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Katz, J.B. (1995). The Wisdom Of The Ego. By George E. Vaillant. Cambridge, MA: Harvard Univ. Press, 1993, 394 pp., $27.95.. J. Amer. Psychoanal. Assn., 43:251-254.
(1995). Journal of the American Psychoanalytic Association, 43:251-254
The Wisdom Of The Ego. By George E. Vaillant. Cambridge, MA: Harvard Univ. Press, 1993, 394 pp., $27.95.
Review by: Jerome B. Katz, M.D.
This remarkable book, a significant contribution to ego psychology and a testament to the value of longitudinal study, presents a broad outlook on the ego and a view of a collaborative research project, The Study of Adult Development, that has been ongoing now for fifty years. For two decades George Vaillant has directed this study, in which large numbers of people are followed from adolescence throughout their adult lives, allowing the documentation of their struggles to love, to find meaning and order, and to create. From this extensive data base Vaillant develops three interrelated themes: (1) defenses are coping and adaptive mechanisms as important to well-being as are immune mechanisms and the autonomic nervous system; (2) creativity is part of the alchemy of the ego, bringing order and meaning out of chaos and distress; (3) ego development continues to unfold throughout adulthood. Closely examined life stories reveal illusion and self-deception, a kind of intellectual dishonesty and trickery, as healthy and creative devices serving maturation.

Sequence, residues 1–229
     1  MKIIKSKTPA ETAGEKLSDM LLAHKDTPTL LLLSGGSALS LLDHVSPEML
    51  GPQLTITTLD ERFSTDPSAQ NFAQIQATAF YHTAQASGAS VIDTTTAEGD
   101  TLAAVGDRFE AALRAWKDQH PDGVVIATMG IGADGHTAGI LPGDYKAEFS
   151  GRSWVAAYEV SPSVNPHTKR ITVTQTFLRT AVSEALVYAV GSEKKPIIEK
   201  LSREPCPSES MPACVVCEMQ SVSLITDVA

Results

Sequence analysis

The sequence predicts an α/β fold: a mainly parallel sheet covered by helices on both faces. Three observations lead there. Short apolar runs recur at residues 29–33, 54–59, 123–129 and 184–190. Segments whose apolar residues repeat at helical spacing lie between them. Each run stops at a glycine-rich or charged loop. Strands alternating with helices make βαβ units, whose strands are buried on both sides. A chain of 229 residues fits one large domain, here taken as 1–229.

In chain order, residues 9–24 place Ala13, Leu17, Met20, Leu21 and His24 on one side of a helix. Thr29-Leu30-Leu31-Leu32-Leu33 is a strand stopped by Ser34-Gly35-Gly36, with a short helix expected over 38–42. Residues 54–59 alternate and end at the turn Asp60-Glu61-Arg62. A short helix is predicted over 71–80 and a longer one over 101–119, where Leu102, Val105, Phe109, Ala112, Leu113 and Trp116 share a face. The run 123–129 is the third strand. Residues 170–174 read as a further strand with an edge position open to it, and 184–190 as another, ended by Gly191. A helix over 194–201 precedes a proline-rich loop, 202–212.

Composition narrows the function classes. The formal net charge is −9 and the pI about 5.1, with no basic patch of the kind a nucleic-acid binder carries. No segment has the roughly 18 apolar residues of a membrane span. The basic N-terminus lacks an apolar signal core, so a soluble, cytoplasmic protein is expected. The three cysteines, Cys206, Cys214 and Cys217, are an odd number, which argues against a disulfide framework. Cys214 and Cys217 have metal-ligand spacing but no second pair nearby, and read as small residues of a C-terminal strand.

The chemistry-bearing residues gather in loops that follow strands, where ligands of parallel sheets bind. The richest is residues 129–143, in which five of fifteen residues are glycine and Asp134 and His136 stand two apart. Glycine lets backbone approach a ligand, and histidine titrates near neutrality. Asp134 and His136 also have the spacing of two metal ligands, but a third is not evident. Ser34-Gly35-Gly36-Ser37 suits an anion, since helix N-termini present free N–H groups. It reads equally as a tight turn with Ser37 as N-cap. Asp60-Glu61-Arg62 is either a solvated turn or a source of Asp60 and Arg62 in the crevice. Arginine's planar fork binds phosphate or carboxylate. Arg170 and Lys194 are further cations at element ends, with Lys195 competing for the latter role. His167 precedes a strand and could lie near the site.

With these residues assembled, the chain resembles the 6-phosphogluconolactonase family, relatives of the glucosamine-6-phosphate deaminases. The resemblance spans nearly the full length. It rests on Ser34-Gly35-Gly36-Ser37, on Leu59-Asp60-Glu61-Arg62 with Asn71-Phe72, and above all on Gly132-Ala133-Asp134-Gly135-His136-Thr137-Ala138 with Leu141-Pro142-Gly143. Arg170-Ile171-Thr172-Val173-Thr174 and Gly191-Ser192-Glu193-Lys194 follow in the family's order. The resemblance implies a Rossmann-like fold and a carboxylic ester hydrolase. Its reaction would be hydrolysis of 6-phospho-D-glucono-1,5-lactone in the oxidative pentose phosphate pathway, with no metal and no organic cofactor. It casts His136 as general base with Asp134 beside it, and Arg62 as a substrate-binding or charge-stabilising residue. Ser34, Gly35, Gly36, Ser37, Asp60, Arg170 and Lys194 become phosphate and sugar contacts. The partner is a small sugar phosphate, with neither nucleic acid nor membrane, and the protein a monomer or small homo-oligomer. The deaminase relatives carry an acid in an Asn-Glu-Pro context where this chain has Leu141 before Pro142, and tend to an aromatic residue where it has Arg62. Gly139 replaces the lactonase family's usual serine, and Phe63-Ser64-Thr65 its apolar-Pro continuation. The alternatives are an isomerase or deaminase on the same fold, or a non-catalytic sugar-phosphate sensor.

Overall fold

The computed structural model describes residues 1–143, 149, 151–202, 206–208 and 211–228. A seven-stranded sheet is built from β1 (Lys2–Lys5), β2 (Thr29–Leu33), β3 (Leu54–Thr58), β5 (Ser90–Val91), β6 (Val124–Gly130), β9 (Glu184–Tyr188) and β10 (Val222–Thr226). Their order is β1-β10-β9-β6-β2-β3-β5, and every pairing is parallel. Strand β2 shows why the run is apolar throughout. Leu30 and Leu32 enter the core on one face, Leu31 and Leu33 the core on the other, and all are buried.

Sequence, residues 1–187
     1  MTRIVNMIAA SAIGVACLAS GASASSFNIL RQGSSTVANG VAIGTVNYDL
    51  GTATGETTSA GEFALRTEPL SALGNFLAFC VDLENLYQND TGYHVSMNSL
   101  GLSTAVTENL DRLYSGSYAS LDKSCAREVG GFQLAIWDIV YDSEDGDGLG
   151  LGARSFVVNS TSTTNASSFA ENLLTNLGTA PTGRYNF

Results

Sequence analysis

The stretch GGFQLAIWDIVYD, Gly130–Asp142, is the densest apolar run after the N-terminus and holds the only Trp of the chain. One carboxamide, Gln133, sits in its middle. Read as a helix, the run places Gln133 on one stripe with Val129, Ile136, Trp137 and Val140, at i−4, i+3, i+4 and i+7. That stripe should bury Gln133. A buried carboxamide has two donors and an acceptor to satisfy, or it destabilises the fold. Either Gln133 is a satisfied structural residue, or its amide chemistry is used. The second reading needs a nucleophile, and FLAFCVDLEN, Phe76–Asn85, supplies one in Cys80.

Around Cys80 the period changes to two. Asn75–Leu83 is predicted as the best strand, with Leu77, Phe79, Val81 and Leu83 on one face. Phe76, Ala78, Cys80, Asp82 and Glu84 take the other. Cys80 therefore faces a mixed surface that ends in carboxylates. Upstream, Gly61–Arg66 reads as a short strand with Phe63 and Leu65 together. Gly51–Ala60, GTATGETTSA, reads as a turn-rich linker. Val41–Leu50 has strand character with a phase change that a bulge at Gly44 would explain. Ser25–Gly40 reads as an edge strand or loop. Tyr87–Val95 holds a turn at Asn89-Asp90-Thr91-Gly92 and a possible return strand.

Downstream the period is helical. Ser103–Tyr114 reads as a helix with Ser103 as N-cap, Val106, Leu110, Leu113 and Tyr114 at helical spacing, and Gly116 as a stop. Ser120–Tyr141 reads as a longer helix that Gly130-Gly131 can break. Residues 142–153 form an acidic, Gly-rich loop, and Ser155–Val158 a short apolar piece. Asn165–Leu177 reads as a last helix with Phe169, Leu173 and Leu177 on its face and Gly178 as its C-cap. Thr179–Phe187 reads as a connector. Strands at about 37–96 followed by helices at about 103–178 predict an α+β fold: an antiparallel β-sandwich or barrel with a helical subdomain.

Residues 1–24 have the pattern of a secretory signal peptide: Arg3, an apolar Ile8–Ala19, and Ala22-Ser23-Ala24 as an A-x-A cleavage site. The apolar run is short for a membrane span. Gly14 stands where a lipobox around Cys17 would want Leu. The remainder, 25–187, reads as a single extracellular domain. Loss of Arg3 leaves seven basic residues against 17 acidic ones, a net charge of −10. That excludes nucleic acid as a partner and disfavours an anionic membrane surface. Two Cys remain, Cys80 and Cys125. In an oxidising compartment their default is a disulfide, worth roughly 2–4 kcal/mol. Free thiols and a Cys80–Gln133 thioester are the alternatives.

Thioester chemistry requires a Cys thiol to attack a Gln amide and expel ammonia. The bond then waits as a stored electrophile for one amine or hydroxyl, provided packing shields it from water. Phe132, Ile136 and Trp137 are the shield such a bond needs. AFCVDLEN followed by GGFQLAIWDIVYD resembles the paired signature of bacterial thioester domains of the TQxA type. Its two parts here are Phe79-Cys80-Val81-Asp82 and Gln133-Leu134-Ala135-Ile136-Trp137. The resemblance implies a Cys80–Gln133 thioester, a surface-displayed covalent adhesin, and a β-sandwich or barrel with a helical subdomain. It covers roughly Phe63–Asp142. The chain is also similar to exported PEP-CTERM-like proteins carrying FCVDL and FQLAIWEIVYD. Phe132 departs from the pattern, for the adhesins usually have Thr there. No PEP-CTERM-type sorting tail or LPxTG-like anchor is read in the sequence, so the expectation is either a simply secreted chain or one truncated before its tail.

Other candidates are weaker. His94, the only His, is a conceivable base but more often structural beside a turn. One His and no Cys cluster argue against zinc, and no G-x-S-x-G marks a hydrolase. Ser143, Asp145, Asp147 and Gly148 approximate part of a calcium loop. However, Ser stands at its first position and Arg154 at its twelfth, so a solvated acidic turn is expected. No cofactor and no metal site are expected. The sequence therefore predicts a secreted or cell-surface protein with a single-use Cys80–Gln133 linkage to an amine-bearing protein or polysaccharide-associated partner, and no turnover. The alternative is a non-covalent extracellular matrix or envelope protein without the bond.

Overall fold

To be sure, defense mechanisms have not always been viewed in such a positive light. Freud saw them as entirely pathological rather than as homeostatic; believing they arose in response to childhood sexual conflict, he ignored their role in modulating affects and relationships, and overemphasized the psychology of drives. Correcting this view, Vaillant describes the ego in relation to the four lodestars of human conflict: conscience, desire, people, and reality. Defenses can accomplish their task either by altering these sources of conflict or by altering its expression. Vaillant identifies defenses as psychotic, immature, neurotic, and mature, and offers a brilliantly lucid exposition of each mechanism, showing how the more mature defenses elegantly balance and attenuate the four lodestars.
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